MOUNTAIN VIEW, Calif. Legal firms representing investors have voiced concerns that Synopsys Inc.'s bid to buy Avanti Corp. may raise antitrust issues with the Federal Trade Commission. While these sources don't expect the acquisition to be scuttled, they say the FTC will probably delay it by making a second request for information and requiring the divestiture of certain products.
"I think this deal is heading for some serious trouble," said one attorney, who declined to be identified. He said that competitors will almost certainly contest the deal before the FTC, primarily out of concern that a combined Synopsys-Avanti tool suite won't allow sufficient integration with third-party tools. He also said the FTC gets concerned when products from merged companies claim more than 35 percent market share in any one area.
"I'm not sure it will be enough to break the deal up, but there will at least be a second request for information that could drag it out for months and lead to some divestitures," the attorney said. The FTC may require merging companies to divest, or get rid of, products that the government believes will stifle competition.
Another legal representative said her firm believes there is a "60 percent chance" the FTC will issue a second request for information, potentially delaying the close of the deal by three to six months beyond the late-winter-to-late-spring time frame the companies had anticipated. While divestitures may be required, she said, the FTC probably won't nix the merger.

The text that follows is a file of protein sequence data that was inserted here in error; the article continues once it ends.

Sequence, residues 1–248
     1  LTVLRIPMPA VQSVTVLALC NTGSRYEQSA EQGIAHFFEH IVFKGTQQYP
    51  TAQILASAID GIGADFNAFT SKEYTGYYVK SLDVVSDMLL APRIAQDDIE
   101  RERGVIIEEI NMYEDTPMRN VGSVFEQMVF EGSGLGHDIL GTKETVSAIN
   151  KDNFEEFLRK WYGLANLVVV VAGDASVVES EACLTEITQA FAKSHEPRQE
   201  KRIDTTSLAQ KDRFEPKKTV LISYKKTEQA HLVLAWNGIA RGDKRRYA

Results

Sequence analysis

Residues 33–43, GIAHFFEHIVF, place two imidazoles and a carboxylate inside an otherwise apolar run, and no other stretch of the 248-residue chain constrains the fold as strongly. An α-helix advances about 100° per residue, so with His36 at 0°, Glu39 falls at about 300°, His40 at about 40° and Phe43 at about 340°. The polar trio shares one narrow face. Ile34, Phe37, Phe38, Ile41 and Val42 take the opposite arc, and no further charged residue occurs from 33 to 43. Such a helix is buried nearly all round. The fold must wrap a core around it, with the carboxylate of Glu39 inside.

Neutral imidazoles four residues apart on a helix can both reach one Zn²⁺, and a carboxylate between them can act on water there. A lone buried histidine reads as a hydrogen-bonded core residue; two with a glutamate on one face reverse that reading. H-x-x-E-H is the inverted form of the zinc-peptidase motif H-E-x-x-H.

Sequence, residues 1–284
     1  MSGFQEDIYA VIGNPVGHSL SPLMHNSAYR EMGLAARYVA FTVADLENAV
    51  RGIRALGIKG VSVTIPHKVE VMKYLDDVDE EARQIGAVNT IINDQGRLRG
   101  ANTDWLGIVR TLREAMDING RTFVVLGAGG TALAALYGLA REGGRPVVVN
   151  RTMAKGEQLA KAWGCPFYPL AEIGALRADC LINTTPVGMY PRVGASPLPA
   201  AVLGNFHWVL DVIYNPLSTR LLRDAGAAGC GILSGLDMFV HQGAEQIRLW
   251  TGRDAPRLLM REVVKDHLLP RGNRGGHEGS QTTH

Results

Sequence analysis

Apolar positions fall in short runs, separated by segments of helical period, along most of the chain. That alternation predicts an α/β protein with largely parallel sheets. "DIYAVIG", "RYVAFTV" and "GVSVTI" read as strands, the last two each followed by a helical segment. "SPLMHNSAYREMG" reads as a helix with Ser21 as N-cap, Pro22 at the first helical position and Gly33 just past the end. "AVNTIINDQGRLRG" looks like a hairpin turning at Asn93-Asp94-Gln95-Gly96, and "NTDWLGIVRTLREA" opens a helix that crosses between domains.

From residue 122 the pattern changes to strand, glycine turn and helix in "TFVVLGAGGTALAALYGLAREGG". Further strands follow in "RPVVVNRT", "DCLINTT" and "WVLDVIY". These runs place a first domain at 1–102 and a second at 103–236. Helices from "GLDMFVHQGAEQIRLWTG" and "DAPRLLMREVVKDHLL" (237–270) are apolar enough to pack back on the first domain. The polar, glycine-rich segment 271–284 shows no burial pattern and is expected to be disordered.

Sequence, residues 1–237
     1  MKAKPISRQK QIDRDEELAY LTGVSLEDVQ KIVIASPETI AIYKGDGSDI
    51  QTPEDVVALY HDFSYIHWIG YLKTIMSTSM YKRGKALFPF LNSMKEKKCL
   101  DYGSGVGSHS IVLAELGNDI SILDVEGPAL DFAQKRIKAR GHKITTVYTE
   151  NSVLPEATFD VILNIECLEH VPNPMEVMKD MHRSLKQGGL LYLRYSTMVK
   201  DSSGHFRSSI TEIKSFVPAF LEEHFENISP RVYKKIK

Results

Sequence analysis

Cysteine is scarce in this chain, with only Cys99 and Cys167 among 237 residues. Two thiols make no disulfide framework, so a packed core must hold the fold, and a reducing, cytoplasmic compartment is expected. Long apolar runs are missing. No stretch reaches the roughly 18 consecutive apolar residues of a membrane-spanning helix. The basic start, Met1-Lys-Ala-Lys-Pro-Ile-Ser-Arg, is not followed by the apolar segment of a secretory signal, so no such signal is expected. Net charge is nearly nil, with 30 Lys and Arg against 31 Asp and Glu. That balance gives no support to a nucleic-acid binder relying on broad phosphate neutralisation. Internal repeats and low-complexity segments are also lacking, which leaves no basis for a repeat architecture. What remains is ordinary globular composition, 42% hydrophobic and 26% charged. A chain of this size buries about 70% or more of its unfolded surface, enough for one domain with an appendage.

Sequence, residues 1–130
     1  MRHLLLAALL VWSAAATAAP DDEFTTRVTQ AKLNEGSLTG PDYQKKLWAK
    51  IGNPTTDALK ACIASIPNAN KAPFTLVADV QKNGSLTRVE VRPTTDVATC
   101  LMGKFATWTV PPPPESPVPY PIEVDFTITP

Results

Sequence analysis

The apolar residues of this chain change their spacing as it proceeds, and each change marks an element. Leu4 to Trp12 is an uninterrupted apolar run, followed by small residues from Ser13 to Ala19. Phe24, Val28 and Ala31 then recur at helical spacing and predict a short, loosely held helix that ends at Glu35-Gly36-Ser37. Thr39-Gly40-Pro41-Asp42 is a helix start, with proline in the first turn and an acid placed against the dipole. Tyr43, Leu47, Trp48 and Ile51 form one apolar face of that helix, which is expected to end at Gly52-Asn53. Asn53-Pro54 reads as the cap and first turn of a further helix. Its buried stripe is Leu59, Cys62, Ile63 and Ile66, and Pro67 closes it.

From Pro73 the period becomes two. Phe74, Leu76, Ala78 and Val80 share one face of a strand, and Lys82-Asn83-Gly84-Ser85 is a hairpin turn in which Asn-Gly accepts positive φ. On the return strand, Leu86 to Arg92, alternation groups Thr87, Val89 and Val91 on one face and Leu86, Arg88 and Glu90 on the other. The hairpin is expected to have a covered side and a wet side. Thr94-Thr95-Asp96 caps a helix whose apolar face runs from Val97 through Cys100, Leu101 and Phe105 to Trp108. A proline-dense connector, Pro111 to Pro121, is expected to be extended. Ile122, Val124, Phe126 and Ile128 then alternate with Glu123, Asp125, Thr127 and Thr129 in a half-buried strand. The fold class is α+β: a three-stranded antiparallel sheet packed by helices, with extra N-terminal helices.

Steve Shevick, corporate counsel for Synopsys here, said the company isn't concerned. "We think the transaction is overwhelmingly pro-competitive," he said. "We'll make all the appropriate filings with the FTC, and if they have any concerns we'll work it out with them."
Asked whether a Synopsys-Avanti tool suite will be a closed system, Shevick responded, "Our track record on interoperability is unmatched in EDA electronic design automation. We'll do what's right for customers."
Companies seeking FTC approval for a merger must first file a document required by the Hart-Scott-Rodino act. The FTC routinely issues a first request for additional information. If customers or competitors complain, however, the FTC may issue a second request, and that can delay mergers for months.
A previous EDA merger that was delayed by FTC concerns was Cadence Design Systems Inc.'s purchase of Cooper & Chyan Technologies. Announced in November 1996, it didn't close until the following May due to FTC scrutiny. To close the deal, Cadence had to agree to widen its Connections program and to notify the commission of future acquisitions in the IC-routing area. Even then, the deal was approved on a split vote by FTC commissioners.